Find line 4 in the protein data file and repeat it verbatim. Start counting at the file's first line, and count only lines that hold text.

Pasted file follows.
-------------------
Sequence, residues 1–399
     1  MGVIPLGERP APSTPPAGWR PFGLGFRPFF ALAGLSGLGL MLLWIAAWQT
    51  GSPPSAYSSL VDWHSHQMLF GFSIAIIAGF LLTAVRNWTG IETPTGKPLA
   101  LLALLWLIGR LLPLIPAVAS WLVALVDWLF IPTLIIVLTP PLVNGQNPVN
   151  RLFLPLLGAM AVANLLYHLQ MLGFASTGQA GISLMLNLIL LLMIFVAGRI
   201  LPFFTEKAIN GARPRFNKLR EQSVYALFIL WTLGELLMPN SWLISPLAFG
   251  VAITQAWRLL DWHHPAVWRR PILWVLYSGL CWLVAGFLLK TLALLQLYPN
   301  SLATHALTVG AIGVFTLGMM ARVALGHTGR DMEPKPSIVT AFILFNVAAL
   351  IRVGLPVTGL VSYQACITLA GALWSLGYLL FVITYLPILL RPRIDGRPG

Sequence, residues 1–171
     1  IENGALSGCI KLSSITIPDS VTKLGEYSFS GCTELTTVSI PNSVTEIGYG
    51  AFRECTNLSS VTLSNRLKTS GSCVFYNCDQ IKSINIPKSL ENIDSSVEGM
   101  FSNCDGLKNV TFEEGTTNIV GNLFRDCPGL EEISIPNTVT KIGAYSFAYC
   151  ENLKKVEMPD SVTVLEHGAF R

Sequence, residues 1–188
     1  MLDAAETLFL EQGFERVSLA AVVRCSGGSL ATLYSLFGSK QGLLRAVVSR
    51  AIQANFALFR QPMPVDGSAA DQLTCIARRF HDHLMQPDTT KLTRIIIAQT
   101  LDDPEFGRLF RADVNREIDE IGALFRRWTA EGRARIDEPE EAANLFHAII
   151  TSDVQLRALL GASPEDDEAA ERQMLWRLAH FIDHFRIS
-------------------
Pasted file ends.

   101  LLALLWLIGR LLPLIPAVAS WLVALVDWLF IPTLIIVLTP PLVNGQNPVN